HOW TO DANCE IN THE RAIN
It was a busy morning, about 8:30 and an elderly man arrived to have stitches removed from his thumb. He said he was in a hurry as he had an appointment at 9:00 am. I took his vital signs and had him take a seat, knowing it would be over an hour before someone would to able to see him. I saw him looking at his watch and decided, since I was not busy with another patient, I would evaluate his wound.
On exam, it was well healed, so I talked to one of the doctors, got the needed supplies to remove his sutures and redress his wound. While taking care of his wound, I asked him if he had another doctor's appointment this morning, as he was in such a hurry. The gentleman told me no, that he needed to go to the nursing home to eat breakfast with his wife. I inquired as to her health. He told me that she had been there for a while and that she was a victim of Alzheimer's Disease. As we talked, I asked if she would be upset if he was a bit late. He replied that she no longer knew who he was, that she had not recognized him in five years now. I was surprised, and asked him, 'And you still go every morning, even though she doesn't know who you are?'
He smiled as he patted my hand and said, 'She doesn't know me, but I still know who she is.'
I had to hold back tears as he left, I had goose bumps on my arm, and thought, That is the kind of love I want in my life. True love is neither physical, nor romantic. True love is an acceptance of all that is, has been, will be, and will not be. The happiest people don't necessarily have the best of everything; they just make the best of everything they have.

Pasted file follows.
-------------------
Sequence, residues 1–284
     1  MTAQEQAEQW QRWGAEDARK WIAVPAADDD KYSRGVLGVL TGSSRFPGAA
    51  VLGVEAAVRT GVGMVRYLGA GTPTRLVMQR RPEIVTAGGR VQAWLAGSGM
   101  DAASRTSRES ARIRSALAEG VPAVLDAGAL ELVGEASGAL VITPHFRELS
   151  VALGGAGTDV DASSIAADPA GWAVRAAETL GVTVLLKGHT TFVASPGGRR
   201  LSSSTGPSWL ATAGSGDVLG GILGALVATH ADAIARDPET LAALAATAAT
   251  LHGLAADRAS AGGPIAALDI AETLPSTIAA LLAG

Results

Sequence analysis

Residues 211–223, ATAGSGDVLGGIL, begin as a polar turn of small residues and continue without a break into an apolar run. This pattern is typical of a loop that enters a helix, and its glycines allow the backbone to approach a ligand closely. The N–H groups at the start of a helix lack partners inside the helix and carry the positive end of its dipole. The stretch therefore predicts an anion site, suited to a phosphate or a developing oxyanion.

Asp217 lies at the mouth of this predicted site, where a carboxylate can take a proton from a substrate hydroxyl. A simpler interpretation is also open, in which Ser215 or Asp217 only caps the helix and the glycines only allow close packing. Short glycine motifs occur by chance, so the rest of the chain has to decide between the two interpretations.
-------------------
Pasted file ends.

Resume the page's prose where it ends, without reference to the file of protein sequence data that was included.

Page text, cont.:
'Life isn't about how to survive the storm, but about how to dance in the rain.'
Some time ago, my sister's friend sent me this story in an email. I really didn't have to read it because I see a love and dedication greater than this lived out every day. As I write, my soon to be 85 year old Dad is at my soon to be 85 year old Mom’s bedside, in the memory care unit of her assisted living center. Mom is here not because it is easier on Dad but because he was finally convinced that they could take better care of her than he could. Now, he is here 8 hours per day, 7 days a week.
Born on the same day in the same town small Indiana town, my Dad, an hour Mom's senior is always faithful, always vigilant, is ever her protector and guardian. He feeds her when she’ll eat, is always handy with a straw to give her a drink, wipes her chin, comb her hair and paint her nails. In the end, with most of her memories erased, she knows of no other person or thing but him. With all other senses failing, when he gets near her face, she still smiles and she still puckers up for a kiss. He glowingly speaks of a woman no one else sees and often reaches into his shirt pocket and produces a photo of a 20 year old, dark-haired beauty.
“This is still who I see when I look at her,” he says.
Now at the end, the horrible disease that first steals your mind and then your body has run its predictable course. So weak and frail yet still she fights to stay with him. For the first time in more than 64 years, he has asked her to leave his side and go on ahead without him . Through his tears, he told her he would join her soon enough. This day, patiently as always, he waits for her to go.
As for my siblings and me, having been around for many of their 64 years of marriage, we never heard them argue or call each other anything other than “Honey” and above all, more than just love, we always saw respect. The four of us have had varying degrees of success in modeling their lives and relationship but now and forever, they are our heroes.
Two days after their 85th birthday, with Dad at her side, Mom stopped breathing. Her heart continued to beat for several more minutes. As always, those beats were for Dad.